The biodiversity crisis is “as serious as climate change” but is not well known to the general public, laments Gerardo Ceballos, a professor at Mexico’s National Autonomous University and co-author of the study, published in the journal PNAS.
But there is “urgency” because what is at stake is “the future of humanity,” he told AFP.
There are already many studies on species extinction, but this one is unique in that it looked at the extinction of entire species.
In the classification of organisms, genus lies between the ranks of genus and family. For example, dog is a species belonging to the Canis genus in the Canidae family.
“I think this is the first time we’ve tried to assess the rate of extinction on a larger scale than species,” Robert Covey, a biologist at the University of Hawaii who was not involved in the study, told AFP. “It demonstrates the loss of entire branches of the tree of life,” the representation of life originally created by Charles Darwin.
“We’re not just cutting branches, we’re using chainsaws to remove large branches,” said Anthony Barnoski, professor emeritus at the University of California, Berkeley.
73 extinct species
The researchers relied specifically on the International Union for Conservation of Nature (IUCN) lists of endangered species. They focused on vertebrate species (except fish), and had more data.
Of about 5,400 species (comprising 34,600 species), 73 of them have gone extinct in the last 500 years — most in the last two centuries. Birds first, followed by mammals, amphibians and reptiles.
To understand whether this rate was higher than normal, the researchers compared this result with extinction rates estimated using fossil traces over a much longer period of time.
“Given the rate of extinction in the last million years, you would expect two species to go extinct, but we lost 73,” said Gerardo Ceballos.
According to the study, the extinction of these 73 species should have taken 18,000 years, not 500.
These estimates remain uncertain, many species are not even known, and the fossil record is incomplete. But according to the researcher, they may be underestimated.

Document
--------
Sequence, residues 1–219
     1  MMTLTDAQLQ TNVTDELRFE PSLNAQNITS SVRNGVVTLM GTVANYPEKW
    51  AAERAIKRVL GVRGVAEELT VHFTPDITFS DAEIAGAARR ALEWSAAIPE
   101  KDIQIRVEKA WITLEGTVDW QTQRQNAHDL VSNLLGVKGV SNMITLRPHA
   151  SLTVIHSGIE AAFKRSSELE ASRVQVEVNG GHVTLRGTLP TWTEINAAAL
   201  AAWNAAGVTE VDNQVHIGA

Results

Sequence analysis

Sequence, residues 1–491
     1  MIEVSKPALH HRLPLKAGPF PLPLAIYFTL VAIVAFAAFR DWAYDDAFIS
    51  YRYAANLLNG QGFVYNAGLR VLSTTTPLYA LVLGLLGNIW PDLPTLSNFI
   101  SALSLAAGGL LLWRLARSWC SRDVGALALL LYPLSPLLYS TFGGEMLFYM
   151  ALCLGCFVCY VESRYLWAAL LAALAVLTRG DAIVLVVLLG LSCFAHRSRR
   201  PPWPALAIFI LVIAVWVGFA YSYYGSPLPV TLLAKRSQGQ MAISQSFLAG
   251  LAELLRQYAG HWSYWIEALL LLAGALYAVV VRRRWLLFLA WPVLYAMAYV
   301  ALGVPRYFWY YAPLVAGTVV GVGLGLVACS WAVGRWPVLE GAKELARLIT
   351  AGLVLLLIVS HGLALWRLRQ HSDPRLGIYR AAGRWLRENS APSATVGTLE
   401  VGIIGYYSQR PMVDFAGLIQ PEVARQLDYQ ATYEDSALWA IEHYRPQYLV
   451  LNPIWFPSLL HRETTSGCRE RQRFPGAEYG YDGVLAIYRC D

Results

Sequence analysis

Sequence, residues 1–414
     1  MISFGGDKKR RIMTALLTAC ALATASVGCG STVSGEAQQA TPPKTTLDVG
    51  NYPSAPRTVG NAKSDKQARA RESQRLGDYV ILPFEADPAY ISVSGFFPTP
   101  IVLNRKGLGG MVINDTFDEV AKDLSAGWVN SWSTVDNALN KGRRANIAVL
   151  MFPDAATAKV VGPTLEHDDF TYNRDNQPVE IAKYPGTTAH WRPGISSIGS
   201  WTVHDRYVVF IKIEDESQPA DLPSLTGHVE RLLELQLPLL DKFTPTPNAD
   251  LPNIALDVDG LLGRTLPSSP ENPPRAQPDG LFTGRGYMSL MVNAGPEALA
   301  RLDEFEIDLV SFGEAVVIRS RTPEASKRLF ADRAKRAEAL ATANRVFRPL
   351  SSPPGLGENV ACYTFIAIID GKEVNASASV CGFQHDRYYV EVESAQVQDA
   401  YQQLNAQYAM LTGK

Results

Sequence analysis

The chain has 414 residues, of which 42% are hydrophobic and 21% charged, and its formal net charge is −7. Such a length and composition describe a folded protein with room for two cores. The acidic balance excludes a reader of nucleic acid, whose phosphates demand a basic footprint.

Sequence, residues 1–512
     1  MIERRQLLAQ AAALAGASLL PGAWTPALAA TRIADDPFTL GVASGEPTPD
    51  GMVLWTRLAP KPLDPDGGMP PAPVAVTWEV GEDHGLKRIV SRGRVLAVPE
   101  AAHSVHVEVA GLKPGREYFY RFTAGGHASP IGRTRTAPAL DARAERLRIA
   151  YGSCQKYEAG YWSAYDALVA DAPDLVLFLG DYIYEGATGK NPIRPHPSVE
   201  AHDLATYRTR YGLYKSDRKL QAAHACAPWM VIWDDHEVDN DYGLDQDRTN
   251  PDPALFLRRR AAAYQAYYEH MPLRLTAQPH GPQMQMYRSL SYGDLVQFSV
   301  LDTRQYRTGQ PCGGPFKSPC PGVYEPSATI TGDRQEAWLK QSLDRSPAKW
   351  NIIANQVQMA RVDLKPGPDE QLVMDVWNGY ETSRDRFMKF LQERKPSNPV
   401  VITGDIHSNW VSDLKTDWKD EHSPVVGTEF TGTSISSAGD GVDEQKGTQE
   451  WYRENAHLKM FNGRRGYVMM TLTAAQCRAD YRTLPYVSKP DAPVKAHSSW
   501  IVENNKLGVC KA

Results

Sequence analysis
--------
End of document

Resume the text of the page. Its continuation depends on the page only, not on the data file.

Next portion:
The reason for these destructions? Human activities that destroy habitats for crops, infrastructure, and other needs, but also overexploitation (overfishing, poaching, animal trafficking, etc.).
However, the loss of one species can have consequences for the functioning of an entire ecosystem. A possible “collapse of civilization” in the long run, argues Gerardo Ceballos.
“If you have a wall made of bricks, each brick is one of a kind, removing one brick will not collapse the wall,” he compares. “But if you take too many more, the wall falls.”
“Still Time” to Act
According to him, there is no doubt that this is the sixth mass extinction. However, whether it has already started remains a matter of debate, although all experts agree that the current rate of extinction is alarming.
The last mass extinction was 66 million years ago, when an asteroid impact wiped out the dinosaurs.
“An arbitrary value of 75% of species lost in a short period of time is widely used to define a mass extinction,” explains Robert Covey. According to this threshold, the sixth mass extinction “has not yet occurred.”
But “if species continue to die out at the current rate (or faster), this will happen,” he says. “Let’s say we’re at the beginning of a possible sixth mass extinction.”
His uniqueness? It is fueled by a race, humans, and has the power to address it.
“The window for action is closing quickly, but we still have time to save many species,” warns Gerardo Ceballos.
Stopping the destruction of natural habitats and restoring what’s been lost is a priority, insists the researcher, who hopes for faster awareness: “Governments, businesses and people need to know what’s going on. What’s going to happen, and what the consequences are.”
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